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Collections IX

Consumer Protection Laws - Part 6

New Vehicle Warranties Act

Purpose of New Vehicles Warranty Act.

Protect Consumers who purchase new vehicles.

Who does it apply to?

1) An individual who has entered into an agreement or contract for the transfer, lease, or purchase of a new motor vehicle

Except for purposes of resale, or sublease,

And only during the warranty period.

(2) Individuals or companies that manufacturer, import, distribut, or provide an express written warranty on a motor vehicle.

(3) All motor vehicles except:

(i) those portions of a motor home designated, used, or maintained primarily as a mobile dwelling, office, or commercial space;
(ii) a farm tractor, motorcycle, road tractor, or truck tractor
(iii) a mobile home, or
(iv) any motor vehicle with a gross weight of over 12,000 pounds, except a motor home.

Note: this means that only the vehicle portions of a motor home are covered.

What does it provide?

First, the manufacturer, importer, distributor, or provider of the warranty must repair the vehicle

if the purchaser reports that the vehicle does not comply with the warranty or the defect substantially impairs the use, market value, or safety of the vehicle.

If the request is made before the end of the warranty period or one year, whichever is shorter.

Note: the repairs can be performed after the warranty period expires.

Second, if they can't fix the vehicle after a reasonable number of attempts they must

Replace the vehicle with a comparable new motor vehicle

or accept return of the vehicle from the consumer and refund to the consumer the full purchase price including all collateral charges, less a reasonable allowance for the consumer's use of the vehicle.

Upon receipt of the refund they get the vehicle back

A reasonable number of attempts means

(a) the same nonconformity has been subject to repair four or more times by the manufacturer, its agent, or its authorized dealer within the express warranty term or during the one-year period following the date of original delivery of the motor vehicle to a consumer, whichever is earlier, but the nonconformity continues to exist; or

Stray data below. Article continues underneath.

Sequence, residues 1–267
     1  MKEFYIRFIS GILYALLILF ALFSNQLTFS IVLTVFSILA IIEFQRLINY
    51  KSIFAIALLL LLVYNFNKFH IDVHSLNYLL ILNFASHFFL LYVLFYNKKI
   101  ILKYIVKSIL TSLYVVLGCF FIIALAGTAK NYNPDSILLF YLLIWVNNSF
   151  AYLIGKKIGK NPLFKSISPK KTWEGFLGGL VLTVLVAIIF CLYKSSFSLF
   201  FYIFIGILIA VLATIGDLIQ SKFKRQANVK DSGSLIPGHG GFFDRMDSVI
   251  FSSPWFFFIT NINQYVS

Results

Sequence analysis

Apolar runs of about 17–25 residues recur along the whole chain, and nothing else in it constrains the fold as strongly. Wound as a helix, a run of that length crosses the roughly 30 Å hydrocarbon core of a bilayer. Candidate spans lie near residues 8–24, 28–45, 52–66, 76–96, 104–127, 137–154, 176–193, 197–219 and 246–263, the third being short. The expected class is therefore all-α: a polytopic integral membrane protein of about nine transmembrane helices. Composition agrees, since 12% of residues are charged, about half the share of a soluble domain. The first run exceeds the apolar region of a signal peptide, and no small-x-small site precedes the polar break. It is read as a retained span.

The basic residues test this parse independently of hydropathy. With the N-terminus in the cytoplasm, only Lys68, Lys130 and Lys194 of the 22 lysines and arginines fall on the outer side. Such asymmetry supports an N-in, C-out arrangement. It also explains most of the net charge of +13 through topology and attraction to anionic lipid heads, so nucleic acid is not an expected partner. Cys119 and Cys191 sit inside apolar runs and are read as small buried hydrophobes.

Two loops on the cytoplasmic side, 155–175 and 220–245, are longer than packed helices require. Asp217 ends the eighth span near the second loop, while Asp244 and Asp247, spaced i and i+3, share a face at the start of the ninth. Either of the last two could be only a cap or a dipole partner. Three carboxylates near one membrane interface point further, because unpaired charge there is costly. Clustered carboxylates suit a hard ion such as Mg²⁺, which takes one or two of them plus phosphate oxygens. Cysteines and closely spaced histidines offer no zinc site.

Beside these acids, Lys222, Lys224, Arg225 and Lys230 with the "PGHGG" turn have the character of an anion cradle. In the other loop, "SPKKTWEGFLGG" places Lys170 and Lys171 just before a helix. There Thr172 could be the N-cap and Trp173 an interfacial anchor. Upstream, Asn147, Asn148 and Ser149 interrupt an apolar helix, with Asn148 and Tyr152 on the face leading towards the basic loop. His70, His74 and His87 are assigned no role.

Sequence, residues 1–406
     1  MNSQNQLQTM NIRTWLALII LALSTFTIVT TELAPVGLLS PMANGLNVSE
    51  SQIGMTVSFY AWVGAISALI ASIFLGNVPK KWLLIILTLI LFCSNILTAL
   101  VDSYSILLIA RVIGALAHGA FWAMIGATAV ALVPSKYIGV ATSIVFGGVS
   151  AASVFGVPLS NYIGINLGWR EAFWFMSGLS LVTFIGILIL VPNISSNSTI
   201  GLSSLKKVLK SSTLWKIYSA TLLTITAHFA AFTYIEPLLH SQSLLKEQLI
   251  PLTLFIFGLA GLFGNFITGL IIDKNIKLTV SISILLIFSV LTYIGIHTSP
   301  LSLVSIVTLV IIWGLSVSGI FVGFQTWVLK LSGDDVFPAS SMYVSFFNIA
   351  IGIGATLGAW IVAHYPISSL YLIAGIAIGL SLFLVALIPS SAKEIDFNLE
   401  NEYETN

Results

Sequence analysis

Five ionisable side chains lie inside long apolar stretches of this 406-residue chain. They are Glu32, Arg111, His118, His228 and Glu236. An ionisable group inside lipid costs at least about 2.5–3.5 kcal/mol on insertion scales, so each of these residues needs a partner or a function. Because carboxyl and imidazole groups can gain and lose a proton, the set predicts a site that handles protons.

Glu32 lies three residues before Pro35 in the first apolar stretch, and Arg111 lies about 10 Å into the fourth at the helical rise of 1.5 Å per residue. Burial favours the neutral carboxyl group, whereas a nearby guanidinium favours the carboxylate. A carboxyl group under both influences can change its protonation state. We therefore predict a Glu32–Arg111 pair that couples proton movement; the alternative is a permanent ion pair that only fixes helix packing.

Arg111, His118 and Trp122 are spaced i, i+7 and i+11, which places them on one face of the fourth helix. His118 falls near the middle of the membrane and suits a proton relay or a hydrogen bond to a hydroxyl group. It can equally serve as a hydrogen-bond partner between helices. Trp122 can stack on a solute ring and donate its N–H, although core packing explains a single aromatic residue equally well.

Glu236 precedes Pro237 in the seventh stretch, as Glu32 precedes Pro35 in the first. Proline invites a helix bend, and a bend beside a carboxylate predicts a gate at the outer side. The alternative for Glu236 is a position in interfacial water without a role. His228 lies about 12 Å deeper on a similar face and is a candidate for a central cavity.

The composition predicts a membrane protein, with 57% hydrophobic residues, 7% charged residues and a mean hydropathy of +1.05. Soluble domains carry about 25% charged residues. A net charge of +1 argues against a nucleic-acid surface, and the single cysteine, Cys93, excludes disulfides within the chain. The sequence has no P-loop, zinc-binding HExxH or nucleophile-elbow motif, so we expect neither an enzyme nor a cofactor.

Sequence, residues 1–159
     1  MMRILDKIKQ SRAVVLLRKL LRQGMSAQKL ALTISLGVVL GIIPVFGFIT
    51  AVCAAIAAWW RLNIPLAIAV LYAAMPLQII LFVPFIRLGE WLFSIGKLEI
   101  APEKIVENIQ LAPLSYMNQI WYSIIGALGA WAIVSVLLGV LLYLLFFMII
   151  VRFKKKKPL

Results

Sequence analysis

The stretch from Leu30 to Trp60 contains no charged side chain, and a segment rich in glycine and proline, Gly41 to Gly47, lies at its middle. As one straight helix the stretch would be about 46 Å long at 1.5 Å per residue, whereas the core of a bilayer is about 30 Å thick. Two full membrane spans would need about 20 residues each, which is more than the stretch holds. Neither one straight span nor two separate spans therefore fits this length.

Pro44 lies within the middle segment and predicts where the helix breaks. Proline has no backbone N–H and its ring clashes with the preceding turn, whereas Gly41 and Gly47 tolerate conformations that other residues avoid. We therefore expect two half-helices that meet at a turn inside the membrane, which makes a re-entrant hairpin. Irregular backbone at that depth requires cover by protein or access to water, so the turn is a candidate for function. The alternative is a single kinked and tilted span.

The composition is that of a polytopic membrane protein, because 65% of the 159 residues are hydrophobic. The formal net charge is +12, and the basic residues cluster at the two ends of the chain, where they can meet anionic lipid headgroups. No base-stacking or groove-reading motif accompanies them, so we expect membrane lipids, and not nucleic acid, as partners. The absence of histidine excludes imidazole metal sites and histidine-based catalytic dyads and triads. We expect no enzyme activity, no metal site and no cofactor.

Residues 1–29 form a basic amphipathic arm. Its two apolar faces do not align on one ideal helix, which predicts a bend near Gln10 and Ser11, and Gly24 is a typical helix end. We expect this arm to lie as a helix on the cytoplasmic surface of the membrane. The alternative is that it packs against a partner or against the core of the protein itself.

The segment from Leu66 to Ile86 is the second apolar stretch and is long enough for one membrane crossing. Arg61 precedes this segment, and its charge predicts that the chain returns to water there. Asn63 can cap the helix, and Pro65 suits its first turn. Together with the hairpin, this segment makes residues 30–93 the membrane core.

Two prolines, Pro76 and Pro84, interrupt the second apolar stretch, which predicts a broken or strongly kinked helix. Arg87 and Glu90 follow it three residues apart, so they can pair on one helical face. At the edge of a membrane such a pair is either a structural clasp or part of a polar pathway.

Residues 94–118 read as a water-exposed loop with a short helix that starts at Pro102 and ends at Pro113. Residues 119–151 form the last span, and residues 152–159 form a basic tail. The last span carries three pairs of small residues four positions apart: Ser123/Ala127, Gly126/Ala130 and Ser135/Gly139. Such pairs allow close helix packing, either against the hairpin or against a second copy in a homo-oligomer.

(b) the vehicle is out of service to the consumer because of repair for a cumulative total of 30 or more business days during the warranty term or during the one-year period, whichever is earlier.

Note that: The term of an express warranty, the one-year period, and the 30-day period shall be extended by any period of time during which repair services are not available to the consumer because of a war, invasion, strike, fire, flood, or other natural disaster.


It is an affirmative defense to any claim under this chapter:

(a) that an alleged nonconformity does not substantially impair the consumer's use of the motor vehicle and does not substantially impair the market value or safety of the motor vehicle; or

(b) that an alleged nonconformity is the result of abuse, neglect, or unauthorized modifications or alterations of a motor vehicle by a consumer.

(c) If a manufacturer has established an informal dispute settlement procedure which complies with Title 16, Code of Federal Regulations, Part 703, then Section 13-20-4 concerning refunds or replacement does not apply to any consumer who has not first resorted to this procedure.

Who enforces?

The consumer or the Division of Consumer Protection.

The individual consumer

Hints and Helps

Keep good records

Keep a journal in the vehicle

Take it out when you place the vehicle for repair

Write thing down as they happen

Make notes of what the mechanics or others tell you

Keep copies of all paper work

Repair orders


Review the documents you sign carefully

Do they say you are responsible for the cost of repairs?

Don't be afraid to cross this out if it is warranty work.

Don't wait, if you think there is a problem get it checked quickly.

Get second opinions.

Sometimes it may be worth while to have the vehicle checked by more than one mechanic.

Have it checked by someone before the dealership responsible for the warranty checks it.

Have it checked after the repair to see that the repairs were done.

This may cost extra money, but if they is a problem you will generally be reimbursed for the extra expenses by the court.

Finding an honest repair shop.

Ask around

Check with friends who are mechanics

Check with the better business bureau

Check with the Courts

If you don't have time, who would you refer me to?